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Keywords:

  • bipolar disorder;
  • epidemiologic;
  • longitudinal;
  • obesity

Goldstein BI, Liu S-Min, Schaffer A, Sala R, Blanco C. Obesity and the three-year longitudinal course of bipolar disorder. Bipolar Disord 2013: 00: 000–000. © 2013 John Wiley & Sons A/S.Published by Blackwell Publishing Ltd.

Objectives:  Despite substantial cross-sectional evidence that obesity is associated with an increased medical and psychiatric burden in bipolar disorder (BD), few longitudinal studies have examined this topic.

Methods:  Subjects with BD (n = 1600) who completed both Wave 1 and Wave 2 of the National Epidemiologic Survey on Alcohol and Related Conditions were included. Analyses examined the association between obesity at Wave 1, and the subsequent course of BD, and of psychiatric and medical comorbidities, between Wave 1 and Wave 2.

Results:  BD subjects with obesity (n = 506; 29.43%), compared to BD subjects without obesity (n = 1094; 70.57%) were significantly more likely to have a major depressive episode and to receive counseling for depression during follow-up, more likely to report a lifetime suicide attempt, and less likely to develop new-onset alcohol use disorders. These differences were no longer significant, however, after controlling for baseline demographic variables. No significant differences in new episodes or treatment of mania/hypomania were observed. After controlling for demographic variables, obese subjects remained significantly more likely to report any new-onset medical condition [odds ratio (OR) = 2.32, 95% confidence interval (CI): 1.63–3.30], new-onset hypertension (OR = 1.81, 95% CI: 1.16–2.82) and arthritis (OR = 1.64, 95% CI: 1.07–2.52). Obese subjects were significantly more likely to report physician-diagnosed diabetes (OR = 6.98, 95% CI: 4.27–11.40) and hyperlipidemia (OR = 2.32, 95% CI: 1.63–3.30) (assessed in Wave 2 only). The incidence of heart attacks was doubled among obese subjects, although this difference was not statistically significant.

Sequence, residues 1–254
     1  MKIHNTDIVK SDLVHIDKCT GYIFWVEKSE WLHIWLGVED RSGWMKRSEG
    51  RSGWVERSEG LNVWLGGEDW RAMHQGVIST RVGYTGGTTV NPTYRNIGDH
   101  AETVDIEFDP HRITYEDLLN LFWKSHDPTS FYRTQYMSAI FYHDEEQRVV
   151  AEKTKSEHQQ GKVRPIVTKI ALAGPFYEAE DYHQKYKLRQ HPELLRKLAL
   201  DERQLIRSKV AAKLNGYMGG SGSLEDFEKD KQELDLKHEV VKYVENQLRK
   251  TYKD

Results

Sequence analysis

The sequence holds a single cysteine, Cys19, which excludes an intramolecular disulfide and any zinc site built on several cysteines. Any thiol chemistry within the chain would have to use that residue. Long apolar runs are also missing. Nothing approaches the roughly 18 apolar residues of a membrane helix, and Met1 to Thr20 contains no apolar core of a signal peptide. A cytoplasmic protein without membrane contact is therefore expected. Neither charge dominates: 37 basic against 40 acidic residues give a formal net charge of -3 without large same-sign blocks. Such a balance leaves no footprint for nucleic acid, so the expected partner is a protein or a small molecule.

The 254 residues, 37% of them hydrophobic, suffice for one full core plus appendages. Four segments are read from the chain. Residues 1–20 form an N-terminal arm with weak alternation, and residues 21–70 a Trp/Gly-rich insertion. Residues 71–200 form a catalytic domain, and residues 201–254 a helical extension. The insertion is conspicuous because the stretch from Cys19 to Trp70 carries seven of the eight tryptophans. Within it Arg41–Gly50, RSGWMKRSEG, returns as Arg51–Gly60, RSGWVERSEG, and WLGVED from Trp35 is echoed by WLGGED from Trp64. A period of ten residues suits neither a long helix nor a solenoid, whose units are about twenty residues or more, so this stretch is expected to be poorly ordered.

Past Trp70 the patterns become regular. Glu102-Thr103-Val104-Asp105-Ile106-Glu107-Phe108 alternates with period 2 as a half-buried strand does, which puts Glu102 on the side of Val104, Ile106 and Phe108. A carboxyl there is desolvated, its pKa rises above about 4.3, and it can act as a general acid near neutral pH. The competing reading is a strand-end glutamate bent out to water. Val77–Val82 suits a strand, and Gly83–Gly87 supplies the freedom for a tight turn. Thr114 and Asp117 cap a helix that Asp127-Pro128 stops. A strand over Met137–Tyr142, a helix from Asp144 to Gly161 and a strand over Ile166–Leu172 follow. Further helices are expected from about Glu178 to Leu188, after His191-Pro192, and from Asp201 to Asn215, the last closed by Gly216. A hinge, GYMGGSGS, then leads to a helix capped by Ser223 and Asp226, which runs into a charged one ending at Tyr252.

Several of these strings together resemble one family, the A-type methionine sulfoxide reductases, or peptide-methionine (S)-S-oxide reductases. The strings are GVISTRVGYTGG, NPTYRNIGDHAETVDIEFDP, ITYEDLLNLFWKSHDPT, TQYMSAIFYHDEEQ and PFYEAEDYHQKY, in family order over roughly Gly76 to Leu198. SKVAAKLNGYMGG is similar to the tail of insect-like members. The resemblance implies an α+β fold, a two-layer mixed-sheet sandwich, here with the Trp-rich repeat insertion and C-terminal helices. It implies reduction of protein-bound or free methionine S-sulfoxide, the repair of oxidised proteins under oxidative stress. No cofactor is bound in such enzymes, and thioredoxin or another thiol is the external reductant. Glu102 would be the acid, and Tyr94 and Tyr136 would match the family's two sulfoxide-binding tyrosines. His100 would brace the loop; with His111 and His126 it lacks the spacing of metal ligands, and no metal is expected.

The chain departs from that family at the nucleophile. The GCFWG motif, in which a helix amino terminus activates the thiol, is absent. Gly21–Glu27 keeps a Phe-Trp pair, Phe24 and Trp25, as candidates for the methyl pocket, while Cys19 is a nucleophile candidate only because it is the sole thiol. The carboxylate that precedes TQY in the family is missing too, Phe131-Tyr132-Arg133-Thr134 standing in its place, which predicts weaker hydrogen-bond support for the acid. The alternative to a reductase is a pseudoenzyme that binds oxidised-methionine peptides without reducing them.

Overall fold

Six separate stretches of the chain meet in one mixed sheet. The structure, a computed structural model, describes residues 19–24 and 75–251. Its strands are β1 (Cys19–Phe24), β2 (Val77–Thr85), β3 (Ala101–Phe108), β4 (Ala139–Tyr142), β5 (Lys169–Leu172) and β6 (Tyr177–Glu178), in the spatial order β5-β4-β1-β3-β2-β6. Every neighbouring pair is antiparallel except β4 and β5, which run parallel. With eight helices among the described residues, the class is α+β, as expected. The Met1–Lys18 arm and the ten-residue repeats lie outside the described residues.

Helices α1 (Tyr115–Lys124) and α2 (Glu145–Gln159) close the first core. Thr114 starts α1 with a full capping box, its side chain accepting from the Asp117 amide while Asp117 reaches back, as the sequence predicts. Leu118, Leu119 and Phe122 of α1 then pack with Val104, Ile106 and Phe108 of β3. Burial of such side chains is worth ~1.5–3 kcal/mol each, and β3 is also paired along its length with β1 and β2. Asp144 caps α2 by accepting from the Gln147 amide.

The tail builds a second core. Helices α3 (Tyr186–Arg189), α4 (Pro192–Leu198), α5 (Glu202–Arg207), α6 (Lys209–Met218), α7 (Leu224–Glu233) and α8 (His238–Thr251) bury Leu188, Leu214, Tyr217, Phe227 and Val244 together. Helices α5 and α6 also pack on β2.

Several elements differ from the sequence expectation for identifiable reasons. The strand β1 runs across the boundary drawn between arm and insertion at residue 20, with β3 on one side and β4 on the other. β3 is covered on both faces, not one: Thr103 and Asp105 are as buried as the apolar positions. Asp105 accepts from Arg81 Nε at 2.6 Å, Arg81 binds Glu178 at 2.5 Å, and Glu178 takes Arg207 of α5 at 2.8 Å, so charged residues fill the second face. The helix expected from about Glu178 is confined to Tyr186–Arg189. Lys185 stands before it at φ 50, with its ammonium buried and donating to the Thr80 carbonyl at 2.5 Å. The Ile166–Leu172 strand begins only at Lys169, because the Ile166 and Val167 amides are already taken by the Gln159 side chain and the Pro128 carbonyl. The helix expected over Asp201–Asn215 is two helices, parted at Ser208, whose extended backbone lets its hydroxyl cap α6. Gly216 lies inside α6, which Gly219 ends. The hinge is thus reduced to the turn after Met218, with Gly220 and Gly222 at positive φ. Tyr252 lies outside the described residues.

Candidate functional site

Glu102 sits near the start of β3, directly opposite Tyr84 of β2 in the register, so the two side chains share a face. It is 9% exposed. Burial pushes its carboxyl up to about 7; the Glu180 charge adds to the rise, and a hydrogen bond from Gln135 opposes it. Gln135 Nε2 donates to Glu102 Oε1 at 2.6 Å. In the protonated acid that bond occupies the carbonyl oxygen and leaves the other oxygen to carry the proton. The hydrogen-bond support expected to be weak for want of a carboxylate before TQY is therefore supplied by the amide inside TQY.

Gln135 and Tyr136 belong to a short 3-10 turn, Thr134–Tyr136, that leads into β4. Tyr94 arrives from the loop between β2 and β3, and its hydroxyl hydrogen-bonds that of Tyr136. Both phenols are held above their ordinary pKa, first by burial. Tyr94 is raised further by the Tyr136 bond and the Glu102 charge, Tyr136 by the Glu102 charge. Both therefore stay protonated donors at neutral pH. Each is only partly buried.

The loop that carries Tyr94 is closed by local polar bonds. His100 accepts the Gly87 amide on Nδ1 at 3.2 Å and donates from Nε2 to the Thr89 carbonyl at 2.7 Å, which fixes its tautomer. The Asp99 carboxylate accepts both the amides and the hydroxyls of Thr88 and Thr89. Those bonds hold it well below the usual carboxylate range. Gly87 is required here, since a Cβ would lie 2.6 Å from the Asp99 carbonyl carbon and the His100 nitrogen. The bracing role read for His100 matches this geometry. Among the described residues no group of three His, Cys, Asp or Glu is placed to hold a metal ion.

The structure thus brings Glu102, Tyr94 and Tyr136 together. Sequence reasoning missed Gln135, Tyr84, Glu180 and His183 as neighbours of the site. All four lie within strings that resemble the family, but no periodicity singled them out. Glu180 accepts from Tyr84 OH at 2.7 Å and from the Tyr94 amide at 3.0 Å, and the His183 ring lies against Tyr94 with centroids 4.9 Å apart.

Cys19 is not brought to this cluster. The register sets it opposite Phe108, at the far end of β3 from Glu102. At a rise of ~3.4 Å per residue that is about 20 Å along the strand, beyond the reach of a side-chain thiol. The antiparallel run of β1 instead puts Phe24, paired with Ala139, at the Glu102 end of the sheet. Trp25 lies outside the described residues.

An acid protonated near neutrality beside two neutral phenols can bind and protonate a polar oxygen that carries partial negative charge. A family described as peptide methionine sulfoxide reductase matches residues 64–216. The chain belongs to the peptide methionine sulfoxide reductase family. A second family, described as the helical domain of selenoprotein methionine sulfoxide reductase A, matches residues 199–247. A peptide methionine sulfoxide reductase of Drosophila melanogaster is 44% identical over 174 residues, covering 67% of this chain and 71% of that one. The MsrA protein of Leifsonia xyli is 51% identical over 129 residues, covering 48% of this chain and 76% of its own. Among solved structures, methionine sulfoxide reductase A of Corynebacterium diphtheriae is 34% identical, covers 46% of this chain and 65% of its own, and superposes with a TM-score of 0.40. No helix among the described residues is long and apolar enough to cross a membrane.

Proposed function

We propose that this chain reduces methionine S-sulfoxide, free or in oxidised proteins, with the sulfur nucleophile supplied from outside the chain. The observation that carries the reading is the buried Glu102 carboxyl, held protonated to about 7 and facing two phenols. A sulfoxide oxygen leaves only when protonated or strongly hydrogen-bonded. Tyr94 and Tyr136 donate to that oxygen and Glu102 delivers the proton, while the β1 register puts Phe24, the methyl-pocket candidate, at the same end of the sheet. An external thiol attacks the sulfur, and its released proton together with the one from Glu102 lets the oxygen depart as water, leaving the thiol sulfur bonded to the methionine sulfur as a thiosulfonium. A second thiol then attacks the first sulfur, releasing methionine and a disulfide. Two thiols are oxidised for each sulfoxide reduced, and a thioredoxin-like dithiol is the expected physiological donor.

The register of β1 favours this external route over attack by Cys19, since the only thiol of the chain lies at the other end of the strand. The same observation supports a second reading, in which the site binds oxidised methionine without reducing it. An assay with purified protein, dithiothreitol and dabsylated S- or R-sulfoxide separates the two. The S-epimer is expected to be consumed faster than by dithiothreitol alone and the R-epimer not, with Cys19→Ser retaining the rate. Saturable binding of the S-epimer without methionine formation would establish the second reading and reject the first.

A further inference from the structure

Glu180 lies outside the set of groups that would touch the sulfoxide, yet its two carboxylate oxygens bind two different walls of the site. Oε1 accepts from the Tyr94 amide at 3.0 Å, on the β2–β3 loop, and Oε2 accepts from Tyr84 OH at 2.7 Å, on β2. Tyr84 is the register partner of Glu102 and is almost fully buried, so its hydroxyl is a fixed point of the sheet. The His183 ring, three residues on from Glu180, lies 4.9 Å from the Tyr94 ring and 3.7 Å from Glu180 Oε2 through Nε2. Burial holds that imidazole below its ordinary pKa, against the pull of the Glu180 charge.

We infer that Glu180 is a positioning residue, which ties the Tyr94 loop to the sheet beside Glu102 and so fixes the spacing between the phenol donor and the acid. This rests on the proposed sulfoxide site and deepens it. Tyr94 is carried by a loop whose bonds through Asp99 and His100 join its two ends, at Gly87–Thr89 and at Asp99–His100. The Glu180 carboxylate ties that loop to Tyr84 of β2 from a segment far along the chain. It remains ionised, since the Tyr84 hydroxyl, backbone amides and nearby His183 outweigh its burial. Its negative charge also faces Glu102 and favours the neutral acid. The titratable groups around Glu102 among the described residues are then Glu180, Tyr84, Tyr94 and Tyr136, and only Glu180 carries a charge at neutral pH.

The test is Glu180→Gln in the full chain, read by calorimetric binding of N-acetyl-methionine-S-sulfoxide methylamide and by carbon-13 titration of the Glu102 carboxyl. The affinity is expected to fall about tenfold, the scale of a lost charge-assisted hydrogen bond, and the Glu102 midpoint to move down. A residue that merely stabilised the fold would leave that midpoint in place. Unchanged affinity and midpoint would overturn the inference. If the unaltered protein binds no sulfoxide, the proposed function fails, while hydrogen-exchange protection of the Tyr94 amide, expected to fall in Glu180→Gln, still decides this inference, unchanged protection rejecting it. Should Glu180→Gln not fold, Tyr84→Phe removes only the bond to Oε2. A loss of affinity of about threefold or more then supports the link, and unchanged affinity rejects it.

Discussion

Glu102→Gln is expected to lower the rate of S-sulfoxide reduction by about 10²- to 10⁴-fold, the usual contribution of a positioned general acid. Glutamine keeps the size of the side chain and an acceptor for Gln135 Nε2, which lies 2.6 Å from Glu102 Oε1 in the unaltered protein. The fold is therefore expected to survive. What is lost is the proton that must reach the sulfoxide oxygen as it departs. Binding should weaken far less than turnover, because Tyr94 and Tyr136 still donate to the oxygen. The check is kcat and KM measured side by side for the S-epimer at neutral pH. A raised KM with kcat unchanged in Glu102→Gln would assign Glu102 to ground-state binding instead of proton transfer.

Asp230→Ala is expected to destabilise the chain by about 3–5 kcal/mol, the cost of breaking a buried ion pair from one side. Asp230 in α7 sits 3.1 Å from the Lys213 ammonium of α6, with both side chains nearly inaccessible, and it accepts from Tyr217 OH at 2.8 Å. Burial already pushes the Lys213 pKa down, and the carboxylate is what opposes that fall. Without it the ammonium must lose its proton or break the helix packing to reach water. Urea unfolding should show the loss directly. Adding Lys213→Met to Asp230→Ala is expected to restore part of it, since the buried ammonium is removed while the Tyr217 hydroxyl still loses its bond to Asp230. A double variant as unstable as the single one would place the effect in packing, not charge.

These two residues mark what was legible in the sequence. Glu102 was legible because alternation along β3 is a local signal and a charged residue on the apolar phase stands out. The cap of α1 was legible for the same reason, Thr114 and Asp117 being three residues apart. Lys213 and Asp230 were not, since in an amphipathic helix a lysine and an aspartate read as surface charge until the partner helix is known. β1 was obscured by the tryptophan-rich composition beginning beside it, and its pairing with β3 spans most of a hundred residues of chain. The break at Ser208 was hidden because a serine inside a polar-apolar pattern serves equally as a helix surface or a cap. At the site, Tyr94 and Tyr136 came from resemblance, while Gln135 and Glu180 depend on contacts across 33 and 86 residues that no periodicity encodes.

Conclusions:  The association between obesity and increased prospective depressive burden appears to be explained by baseline demographic variables. By contrast, obesity independently predicts the accumulation of medical conditions among adults with BD. Treatment of obesity could potentially mitigate the psychiatric and medical burden of BD.